Joel was in his third marriage when he came to see me. Joel’s medical doctor recommended he learn some stress management techniques due to the chronic health challenges he was having. Joel blamed all of his stress on his current marital problems. He claimed his wife, Helen, was an emotional mess.

“She’s irrational, emotional, and frankly—she’s hysterical most of the time!”

Joel went on to clarify how all of his wives were independent and rational women when he first fell in love with them—“but, after a year or so of marriage, they each became an emotional basket case. Why am I destined to put up with these hysterical types?”

Through our work, Joel realized that he was following the unconscious conditioning from his childhood to avoid his vulnerability. He had been stuffing his fearful feelings into the trunk of his psychological car since he was a young boy.

As a result, his wives ended up expressing their own as well as his suppressed fear (and his other unexpressed vulnerable feelings). Consequently, it was no wonder that each of Joel’s wives ended up feeling overwhelmed with vulnerability.

Another example is my client Victoria, who at forty sought tools for weight loss. Shortly into our work it became apparent that Victoria followed the unconscious conditioning from her family and from societal influences—not to express anger. In childhood, she remembered hearing her parents say, “Girls should be seen and not heard.” From our work together…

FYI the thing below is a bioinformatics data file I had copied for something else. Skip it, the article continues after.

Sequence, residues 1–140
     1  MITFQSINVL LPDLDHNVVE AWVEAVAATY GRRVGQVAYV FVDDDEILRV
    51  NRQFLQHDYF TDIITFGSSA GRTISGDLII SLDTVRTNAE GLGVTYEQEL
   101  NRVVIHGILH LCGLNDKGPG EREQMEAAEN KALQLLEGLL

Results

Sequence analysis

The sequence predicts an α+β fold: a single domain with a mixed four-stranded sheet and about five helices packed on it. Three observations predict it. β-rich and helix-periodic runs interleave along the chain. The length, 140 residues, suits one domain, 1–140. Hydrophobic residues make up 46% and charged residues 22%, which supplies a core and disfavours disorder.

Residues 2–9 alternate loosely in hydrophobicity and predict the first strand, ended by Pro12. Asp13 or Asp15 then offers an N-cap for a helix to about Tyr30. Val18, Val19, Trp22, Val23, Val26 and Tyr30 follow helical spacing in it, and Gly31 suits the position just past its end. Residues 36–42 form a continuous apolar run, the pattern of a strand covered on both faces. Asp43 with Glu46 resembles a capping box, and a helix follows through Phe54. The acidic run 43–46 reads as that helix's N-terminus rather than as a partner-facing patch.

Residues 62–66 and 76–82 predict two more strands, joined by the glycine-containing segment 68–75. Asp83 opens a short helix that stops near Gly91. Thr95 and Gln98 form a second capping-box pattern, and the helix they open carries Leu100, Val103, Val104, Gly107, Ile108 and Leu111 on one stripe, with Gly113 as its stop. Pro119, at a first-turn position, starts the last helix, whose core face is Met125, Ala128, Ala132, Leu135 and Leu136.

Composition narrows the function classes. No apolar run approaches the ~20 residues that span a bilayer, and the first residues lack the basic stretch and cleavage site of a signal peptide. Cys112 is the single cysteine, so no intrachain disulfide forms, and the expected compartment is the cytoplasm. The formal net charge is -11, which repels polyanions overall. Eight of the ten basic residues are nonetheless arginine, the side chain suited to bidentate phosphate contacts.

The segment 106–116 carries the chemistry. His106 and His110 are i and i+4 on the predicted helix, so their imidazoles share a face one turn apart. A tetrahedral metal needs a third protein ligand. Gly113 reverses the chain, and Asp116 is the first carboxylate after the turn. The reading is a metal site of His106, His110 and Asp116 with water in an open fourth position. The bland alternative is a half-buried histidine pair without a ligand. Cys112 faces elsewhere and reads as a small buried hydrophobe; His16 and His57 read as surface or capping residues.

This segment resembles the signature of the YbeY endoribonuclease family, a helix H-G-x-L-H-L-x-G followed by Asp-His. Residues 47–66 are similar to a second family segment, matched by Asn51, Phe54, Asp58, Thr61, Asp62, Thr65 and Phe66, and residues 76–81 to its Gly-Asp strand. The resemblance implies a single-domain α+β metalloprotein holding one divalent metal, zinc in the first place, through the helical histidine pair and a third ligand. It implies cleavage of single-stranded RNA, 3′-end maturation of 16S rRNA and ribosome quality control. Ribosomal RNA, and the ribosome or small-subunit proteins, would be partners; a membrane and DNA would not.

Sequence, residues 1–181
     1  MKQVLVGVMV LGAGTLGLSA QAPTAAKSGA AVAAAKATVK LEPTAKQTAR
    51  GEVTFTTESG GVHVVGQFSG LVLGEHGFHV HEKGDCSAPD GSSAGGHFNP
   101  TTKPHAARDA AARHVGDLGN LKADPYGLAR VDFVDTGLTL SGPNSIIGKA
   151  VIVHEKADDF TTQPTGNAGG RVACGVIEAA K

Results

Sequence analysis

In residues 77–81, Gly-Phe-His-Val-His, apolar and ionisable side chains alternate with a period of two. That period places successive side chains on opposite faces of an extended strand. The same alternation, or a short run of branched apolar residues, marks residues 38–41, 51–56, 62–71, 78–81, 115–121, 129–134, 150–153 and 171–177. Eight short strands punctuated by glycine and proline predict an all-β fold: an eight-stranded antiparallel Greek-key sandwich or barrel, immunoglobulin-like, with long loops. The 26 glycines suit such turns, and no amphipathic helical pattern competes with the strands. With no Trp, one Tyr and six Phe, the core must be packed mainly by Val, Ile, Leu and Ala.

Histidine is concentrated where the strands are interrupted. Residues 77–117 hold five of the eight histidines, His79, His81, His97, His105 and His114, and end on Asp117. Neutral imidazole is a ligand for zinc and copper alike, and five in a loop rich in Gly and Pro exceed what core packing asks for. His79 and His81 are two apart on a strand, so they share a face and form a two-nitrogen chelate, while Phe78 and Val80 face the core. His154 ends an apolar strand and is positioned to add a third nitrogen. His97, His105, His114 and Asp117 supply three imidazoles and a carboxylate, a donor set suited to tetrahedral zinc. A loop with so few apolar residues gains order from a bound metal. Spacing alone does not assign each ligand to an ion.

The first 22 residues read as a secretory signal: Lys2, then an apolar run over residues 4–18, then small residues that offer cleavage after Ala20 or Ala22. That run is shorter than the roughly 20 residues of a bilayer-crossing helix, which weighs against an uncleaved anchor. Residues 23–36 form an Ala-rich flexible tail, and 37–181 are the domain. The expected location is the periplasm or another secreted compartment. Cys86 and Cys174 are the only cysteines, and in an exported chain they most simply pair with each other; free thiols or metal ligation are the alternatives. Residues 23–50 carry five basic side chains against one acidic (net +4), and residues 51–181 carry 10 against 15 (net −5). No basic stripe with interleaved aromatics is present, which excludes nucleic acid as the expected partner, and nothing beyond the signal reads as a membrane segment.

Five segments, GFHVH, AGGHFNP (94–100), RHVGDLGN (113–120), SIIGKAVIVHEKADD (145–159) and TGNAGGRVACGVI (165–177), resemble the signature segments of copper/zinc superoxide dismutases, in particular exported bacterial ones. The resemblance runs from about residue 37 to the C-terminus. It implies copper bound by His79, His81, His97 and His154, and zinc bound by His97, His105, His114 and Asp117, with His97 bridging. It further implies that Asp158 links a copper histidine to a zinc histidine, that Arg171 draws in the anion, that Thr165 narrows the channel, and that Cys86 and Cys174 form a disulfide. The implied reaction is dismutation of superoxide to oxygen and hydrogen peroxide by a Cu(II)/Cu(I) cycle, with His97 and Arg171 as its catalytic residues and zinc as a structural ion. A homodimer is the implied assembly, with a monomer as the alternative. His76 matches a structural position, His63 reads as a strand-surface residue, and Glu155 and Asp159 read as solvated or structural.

Victoria discovered that unaddressed hostility and sadness were weighing down the trunk of her psychological car. These painful feelings had been accumulating since she was a little girl. Thus, many people in Victoria’s life were unconsciously working overtime when it came to anger expression (they were expressing some of her suppressed anger in addition to their own anger).

High drama in relationships was a common occurrence for her. Fortunately, when Victoria learned healthy ways to deal with her own anger, her weight began to drop and her relationships began to stabilize. She also noticed that she was attracted to new friends—who were less angry.

So keep in mind that what we suppress, others may express is reversible. It can become—what others suppress, we may express. The distortion of feelings can happen in either direction.

Finally, it’s important to understand that our feelings are allies rather than nuisances or enemies. When we embrace the messages that our feelings offer, instead of avoiding them, we have an opportunity to become deeply acquainted with ourselves—thereby, gaining the valuable wisdom that our emotions carry.

As a result, we become aware of honoring both our sense of power and sense of vulnerability—to better balance our minds, bodies, and emotions.

Now that’s a gift that NOURISHES US
from the inside out.


Leave a Reply

Your email address will not be published. Required fields are marked *

Skip to content